Selling your business can be a long and tedious process, especially when you work hard to maximize total sale value. In this regard, your interests and the buyer’s are not aligned. They want the best possible deal, and so do you. But the best deal for each of you looks quite different. Due diligence can help with determining the actual value of the company and uncovering any unidentified issues. Here’s what you need to know about the process:
What is Due Diligence?
Due diligence is a comprehensive investigation of the business to confirm all the facts, especially about financial data. Buyers usually look at receivables and payables, physical capital, intellectual property, legal liability, EBITDA, capital expenditures, and more. The process usually requires a review of financial statements and projections, a market analysis, and an overview of the business’s operations. It may also involve a complete examination of any legal issues.
The Importance of Due Diligence
Due diligence can be frustrating at times for all parties, but due diligence actually increases the chances that a transaction will succeed. This is because:
- Due diligence reduces the role of bias in decision-making.
- Due diligence reduces the power of incentives to push the deal through at all costs.
- Financial information is often incomplete until due diligence.
- The process may uncover significant areas of exposure or liability.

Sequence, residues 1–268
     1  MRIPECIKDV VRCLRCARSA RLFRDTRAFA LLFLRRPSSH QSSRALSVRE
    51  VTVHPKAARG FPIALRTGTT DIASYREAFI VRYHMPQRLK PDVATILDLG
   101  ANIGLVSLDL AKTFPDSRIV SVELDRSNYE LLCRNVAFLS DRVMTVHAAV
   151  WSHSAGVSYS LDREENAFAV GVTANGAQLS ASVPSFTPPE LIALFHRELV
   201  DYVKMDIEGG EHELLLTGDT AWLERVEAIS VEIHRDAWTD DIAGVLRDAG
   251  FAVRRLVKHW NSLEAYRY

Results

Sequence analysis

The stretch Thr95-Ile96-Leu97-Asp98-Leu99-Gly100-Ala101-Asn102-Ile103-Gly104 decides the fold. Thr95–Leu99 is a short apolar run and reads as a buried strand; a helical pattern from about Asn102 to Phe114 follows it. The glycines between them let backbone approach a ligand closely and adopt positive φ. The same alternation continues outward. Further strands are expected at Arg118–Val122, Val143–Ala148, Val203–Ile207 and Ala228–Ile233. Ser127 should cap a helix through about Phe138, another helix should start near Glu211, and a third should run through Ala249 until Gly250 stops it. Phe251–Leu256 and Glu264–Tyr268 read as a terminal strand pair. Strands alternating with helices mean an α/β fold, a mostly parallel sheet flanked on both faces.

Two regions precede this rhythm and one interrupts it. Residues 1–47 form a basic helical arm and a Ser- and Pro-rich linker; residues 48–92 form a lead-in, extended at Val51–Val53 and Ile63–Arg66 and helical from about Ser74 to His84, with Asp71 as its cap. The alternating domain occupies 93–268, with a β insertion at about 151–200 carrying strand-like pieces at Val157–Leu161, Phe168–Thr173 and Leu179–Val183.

Preparing for Due Diligence
Sellers should perform their own due diligence process before embarking on due diligence with a buyer. This sell-side due diligence allows you to uncover potential issues so you can address them ahead of the sale. You’ll also have all the documents the buyer needs ready to go, potentially expediting the sale. The specific documents you will need vary from company to company, but generally include bylaws, articles of incorporation, details about lines of credit and loans, supplier agreements, employment contracts, IP agreements, and financial documents. Working with a skilled investment banking team will ensure that the due diligence process is executed correctly, and that your company is in the best position to either continue with the sales process or if it makes more sense to focus on issues discovered during the process.
What to Expect During Due Diligence
Due diligence begins when both parties sign a letter of intent and agree to a due diligence schedule. The buyer will likely hire legal and financial experts to help them evaluate your company during the process. You’ll need to promptly give them the information they request. In general, some questions you should be prepared to answer include:
- Details about your finances, including the methods you used for financial forecasting.
- An overview of your team, and especially of your management and executive team. Prepare a profile of each team member, as well as details about their duties.
- Legal issues. The buyer will want to know about areas of legal exposure, as well as ongoing litigation.
- Marketing plan. The buyer is purchasing your business to make money. They want to know how you market your business, so that they can plan their own marketing efforts.
The due diligence process can be frustrating and exhausting, but it’s a key step on the road to successfully completing a transaction. With adequate preparation, due diligence can be smooth sailing. So spend some time now getting your records in order and conducting your own due diligence. Surprises during due diligence are almost never pleasant, so minimizing the odds of surprises now is one of the best investments you can make in a successful sale.